When can you lie on the witness stand?

This week I want to share with you a lesson that I’ve tried before to share.

I’ve recorded it and deleted it and just not been happy with it. This week I’m going to push through and share it with you.

Why have I held off for so long? For 18 months or more and I wanted to share this with you. Every week when I blog and try to give you something a very specific lesson. Not just the story of a case that I’ve worked on, but solid usable information.

This week I do have a lesson for you and it’s pretty fundamental and basic. I’ve just been reluctant to put it out there because it’s so fundamental, part of me wants to believe it doesn’t need to be said… but, it probably does.

This is a criminal defense case I worked and the man, my client, was accused of drunk driving.

The police found his car in a ditch on the side of the road with him still in the car. Naturally, they called paramedics and the paramedics come down and checked him out.

As they’re bringing him out of the ditch, his foot slips and he bumps his head on the running board of the ambulance that came to help him.

The medics checked him out to see that he was okay and the officer begins a field sobriety test, which the man fails.

More than that, he had just come from a bar and he had been in there for hours.

So when he fails the sobriety test he’s charges with Operating a Motor Vehicle Under the Influence (OMVI).

Fast forward several months…

One of the attorneys that I’ve worked for calls me in as the investigator of this case.

I began, as I do for all criminal defense cases by looking at the state’s documents. I look at the arrest record information sheet and other reports and then I begin my investigation by visiting the scene and interviewing people.

One of the people who was there that night was the man’s girlfriend who was also with him in the bar and who swears he did not drink when he was in the bar. So how credible is that? Of course, your girlfriend’s going to back you up! Naturally she said, “No, he didn’t have a drink. He was there for hours but he didn’t have anything to drink.”

It’s very unusual that a case actually goes all the way to trial but this one did…

Here’s the interesting thing. When the girlfriend was up on the stand testifying, the prosecution asked her, “Did you see him do the Field Sobriety Test?” She answered, “Yes, I did.”

Next the prosecution ask, “How did he do?” She says, “He did terrible. He looked absolutely horrible on the sobriety test.

The defense’s argument is the reason he failed the sobriety test (the mechanical moves the officer had to do on the side of the road), was not because he’d been drinking, but because he had banged his head on the running board of the ambulance and that was disorienting.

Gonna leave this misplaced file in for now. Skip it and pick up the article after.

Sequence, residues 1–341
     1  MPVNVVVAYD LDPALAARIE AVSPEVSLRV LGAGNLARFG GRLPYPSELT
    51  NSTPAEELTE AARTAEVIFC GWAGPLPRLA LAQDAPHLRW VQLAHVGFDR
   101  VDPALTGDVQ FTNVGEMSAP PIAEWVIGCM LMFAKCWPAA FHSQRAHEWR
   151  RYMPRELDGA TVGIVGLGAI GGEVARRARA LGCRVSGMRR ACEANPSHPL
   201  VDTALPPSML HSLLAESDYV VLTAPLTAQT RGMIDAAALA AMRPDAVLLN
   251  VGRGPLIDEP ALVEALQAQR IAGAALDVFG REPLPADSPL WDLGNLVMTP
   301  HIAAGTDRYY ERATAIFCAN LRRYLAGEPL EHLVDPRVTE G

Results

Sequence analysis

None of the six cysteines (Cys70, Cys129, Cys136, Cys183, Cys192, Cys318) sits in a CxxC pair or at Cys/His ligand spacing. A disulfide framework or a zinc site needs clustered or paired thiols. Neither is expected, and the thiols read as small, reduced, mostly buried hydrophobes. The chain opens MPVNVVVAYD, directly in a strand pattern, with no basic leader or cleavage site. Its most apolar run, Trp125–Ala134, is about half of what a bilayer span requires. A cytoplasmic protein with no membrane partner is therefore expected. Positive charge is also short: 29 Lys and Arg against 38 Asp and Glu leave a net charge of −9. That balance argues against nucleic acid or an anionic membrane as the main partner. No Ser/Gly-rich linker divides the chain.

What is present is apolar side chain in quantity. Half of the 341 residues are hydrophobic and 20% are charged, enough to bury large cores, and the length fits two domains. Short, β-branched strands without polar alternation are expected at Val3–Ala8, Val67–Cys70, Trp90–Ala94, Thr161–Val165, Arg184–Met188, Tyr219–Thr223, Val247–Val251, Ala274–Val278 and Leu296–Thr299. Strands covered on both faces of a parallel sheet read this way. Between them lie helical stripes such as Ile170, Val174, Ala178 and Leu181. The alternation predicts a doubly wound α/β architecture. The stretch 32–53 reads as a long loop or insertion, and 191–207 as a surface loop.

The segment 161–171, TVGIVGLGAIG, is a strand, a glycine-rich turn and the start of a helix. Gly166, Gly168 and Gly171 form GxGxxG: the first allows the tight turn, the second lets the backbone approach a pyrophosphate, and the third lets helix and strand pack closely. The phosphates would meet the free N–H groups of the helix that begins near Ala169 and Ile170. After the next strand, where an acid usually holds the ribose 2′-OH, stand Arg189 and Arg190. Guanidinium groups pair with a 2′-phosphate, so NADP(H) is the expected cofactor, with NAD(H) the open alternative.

If I recall it correctly, I’m pretty sure he did end up being found not guilty on the charge.

Here’s The Key Lesson:

When asked her about the Field Sobriety Test she said, “He did horrible.” She told the truth.

Then the girlfriend said he did not drink in the bar. How believable is that?

She was an important witness in this case because she was the person who was saying the man had not been drinking. Why was she believable when she said that?

It’s because she told the truth about the Field Sobriety Test!

If she had said, “Well, you know, he bumped his head so how would you expect him to do?” Or if she had said, “I think he did okay – you know- looking at it from my point of view.” She would not have been credible! If she had told that “little” lie, it would have made her look like she’s not telling the truth at all. They would look back at the testimony she gave about him not drinking and figure she must be lying about that too!

But she told the truth even when it was ugly, even when it worked against her boyfriend! So it paid off when she told the truth about him not drinking because she was believable!

What’s In It For You…

But here’s the thing… I want you to see, being honest, telling the truth especially under oath where you are obligated by law, that pays off! That is not something you can fudge on. This is not a thing where you can say,”My case is different.” or “I’m just telling my side of the story in the best possible light.” or whatever.

You have to tell the truth when you are under oath.

I would say simply, “Don’t lie at all in life.” (This takes tremendous effort.)

Telling the truth on the witness stand is beneficial to you even when it seems like it’s going to hurt.

Committed to you success,
Larry Kaye, P.I.

P.S. – Don’t miss my special report titled… If You Want To be a Private Investigator Give Up… Unless You Do These Three Things. You can get it on the home page of my blog.

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